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A Palaeozoic shark with osteichthyan-like branchial arches

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Abstract

The evolution of serially arranged, jointed endoskeletal supports internal to the gills—the visceral branchial arches—represents one of the key events in early jawed vertebrate (gnathostome) history, because it provided the morphological basis for the subsequent evolution of jaws1,2,3,4,5. However, until now little was known about visceral arches in early gnathostomes6,7,8,9,10,11,12,13,14,15,16,17, and theories about gill arch evolution were driven by information gleaned mostly from both modern cartilaginous (chondrichthyan) and bony (osteichthyan) fishes. New fossil discoveries can profoundly affect our understanding of evolutionary history, by revealing hitherto unseen combinations of primitive and derived characters18,19. Here we describe a 325 million year (Myr)-old Palaeozoic shark-like fossil that represents, to our knowledge, the earliest identified chondrichthyan in which the complete gill skeleton is three-dimensionally preserved in its natural position. Its visceral arch arrangement is remarkably osteichthyan-like, suggesting that this may represent the common ancestral condition for crown gnathostomes. Our findings thus reinterpret the polarity of some arch features of the crown jawed vertebrates and invert the classic hypothesis, in which modern sharks retain the ancestral condition3,20. This study underscores the importance of early chondrichthyans in resolving the evolutionary history of jawed vertebrates.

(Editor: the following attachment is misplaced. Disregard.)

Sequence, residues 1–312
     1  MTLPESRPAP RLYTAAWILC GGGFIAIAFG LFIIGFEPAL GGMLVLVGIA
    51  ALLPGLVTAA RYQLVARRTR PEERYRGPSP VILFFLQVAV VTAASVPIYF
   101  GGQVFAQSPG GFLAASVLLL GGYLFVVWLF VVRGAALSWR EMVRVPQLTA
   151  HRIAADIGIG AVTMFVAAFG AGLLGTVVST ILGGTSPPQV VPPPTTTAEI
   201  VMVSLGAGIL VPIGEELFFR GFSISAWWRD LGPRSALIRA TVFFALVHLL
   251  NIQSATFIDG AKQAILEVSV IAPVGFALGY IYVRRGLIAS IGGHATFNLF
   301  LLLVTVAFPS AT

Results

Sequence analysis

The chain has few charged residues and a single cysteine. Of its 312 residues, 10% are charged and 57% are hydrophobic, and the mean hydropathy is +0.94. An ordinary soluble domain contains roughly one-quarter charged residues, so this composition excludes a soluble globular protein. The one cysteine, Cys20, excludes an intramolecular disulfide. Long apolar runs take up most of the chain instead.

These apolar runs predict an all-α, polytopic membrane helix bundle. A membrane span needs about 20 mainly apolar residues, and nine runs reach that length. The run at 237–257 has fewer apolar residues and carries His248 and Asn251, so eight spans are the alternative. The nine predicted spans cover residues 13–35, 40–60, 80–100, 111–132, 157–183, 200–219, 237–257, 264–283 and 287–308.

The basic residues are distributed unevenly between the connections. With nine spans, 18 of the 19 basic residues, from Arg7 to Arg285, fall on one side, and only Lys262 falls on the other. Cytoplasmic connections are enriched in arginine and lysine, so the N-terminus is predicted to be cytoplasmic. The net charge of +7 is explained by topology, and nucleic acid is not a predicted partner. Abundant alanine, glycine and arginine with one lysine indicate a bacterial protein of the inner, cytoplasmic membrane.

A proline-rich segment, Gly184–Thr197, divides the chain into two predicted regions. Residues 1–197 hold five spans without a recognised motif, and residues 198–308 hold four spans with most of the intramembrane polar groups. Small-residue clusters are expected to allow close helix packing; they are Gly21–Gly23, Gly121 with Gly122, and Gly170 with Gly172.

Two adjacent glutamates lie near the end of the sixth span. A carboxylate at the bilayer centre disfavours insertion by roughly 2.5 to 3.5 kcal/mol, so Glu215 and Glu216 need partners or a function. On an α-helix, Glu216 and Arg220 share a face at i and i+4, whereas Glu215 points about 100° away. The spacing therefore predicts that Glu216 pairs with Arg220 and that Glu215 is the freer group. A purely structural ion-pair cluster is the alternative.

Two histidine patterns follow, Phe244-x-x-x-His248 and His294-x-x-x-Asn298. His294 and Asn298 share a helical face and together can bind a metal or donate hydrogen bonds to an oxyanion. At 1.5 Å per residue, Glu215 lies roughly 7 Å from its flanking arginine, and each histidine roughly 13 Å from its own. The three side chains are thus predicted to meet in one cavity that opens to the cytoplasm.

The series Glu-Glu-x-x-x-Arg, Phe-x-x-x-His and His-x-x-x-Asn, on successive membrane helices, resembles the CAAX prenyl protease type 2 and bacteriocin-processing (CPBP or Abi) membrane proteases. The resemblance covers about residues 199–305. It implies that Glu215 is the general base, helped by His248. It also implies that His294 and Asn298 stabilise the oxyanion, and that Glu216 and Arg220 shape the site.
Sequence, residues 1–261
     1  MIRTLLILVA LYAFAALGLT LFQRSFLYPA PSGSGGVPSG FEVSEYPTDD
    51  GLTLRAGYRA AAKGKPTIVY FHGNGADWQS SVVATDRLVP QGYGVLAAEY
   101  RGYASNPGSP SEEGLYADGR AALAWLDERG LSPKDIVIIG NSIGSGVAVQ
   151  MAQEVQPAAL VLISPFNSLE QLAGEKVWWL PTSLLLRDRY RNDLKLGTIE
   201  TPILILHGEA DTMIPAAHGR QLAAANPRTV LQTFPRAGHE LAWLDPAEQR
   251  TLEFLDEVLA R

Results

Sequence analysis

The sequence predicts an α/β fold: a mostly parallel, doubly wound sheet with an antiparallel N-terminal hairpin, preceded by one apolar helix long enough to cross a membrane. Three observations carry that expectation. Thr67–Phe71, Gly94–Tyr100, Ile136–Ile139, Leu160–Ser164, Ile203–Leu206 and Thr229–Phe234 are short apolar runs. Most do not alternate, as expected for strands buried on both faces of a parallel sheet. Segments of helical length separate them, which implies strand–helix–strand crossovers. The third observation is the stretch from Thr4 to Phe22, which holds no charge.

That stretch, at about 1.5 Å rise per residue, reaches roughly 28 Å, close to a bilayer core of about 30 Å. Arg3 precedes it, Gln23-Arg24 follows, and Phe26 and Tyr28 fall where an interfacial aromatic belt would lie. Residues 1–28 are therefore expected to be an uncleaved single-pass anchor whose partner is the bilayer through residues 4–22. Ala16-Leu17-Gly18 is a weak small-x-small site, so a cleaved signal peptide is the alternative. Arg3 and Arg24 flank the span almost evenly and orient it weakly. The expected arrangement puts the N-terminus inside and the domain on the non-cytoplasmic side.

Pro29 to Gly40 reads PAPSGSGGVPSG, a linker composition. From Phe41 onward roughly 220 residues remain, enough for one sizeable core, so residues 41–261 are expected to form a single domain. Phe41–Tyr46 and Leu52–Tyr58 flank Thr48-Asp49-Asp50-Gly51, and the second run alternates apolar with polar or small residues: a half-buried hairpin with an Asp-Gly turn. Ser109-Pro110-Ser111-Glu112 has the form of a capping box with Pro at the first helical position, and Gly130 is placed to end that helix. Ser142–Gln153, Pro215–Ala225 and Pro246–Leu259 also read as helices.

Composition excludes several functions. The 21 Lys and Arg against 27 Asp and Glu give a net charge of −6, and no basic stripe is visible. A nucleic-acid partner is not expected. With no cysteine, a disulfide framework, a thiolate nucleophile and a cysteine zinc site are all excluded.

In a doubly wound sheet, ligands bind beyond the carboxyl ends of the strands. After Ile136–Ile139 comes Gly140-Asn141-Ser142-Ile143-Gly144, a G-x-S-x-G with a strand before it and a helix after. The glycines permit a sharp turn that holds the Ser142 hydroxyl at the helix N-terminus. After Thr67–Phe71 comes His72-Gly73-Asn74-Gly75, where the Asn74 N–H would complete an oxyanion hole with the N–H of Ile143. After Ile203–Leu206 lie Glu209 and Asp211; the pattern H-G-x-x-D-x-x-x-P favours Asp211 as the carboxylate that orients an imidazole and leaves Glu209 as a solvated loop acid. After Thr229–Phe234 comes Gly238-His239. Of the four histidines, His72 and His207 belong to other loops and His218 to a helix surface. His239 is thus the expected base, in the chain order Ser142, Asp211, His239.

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Figure 1: Three-dimensional reconstructions of Ozarcus mapesae AMNH FF20544.
Figure 2: Reconstructions of the branchial skeleton of O. mapesae.
Figure 3: Evolution of the branchial skeleton in the crown gnathostomes, mapped onto a tree compiled from the most recent phylogenetic analyses19,23,28.

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Acknowledgements

We thank staff at the ID19 beamline at the ESRF for assistance, and F. Ippolito (AMNH) for photographs of the specimens. The main work was supported by the H. R. & E. Axelrod Research Chair in paleoichthyology at the AMNH.

Author information

Affiliations

Authors

Contributions

J.G.M. and A.P. conceived the project. A.P. performed computerized microtomography restorations. A.P., J.G.M. and J.M. interpreted the results and prepared the manuscript. P.T. performed synchrotron computerized microtomography on the material. R.H.M. did the fieldwork.

Corresponding authors

Correspondence to Alan Pradel or John G. Maisey.

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Competing interests

The authors declare no competing financial interests.

Additional information

Data have been deposited in ZooBank under the following LSIDs: urn:lsid:zoobank.org:pub:D80955F3-7C21-457C-BA68-9C70F466E913 (article); urn:lsid:zoobank.org:act:F7EDD4EB-6700-4583-8569-9BAC89B3A945 (genus); and urn:lsid:zoobank.org:act:6ACCB5D2-E0D7-4BFD-85D6-9C8250515614 (species).

Extended data figures and tables

Extended Data Figure 1 Photographs of O. mapesae AMNH FF 20544 (holotype).

a, Right lateral view. b, Left lateral view. Scale bar, 10 mm.

Extended Data Figure 2 The diagnostic features of O. mapesae.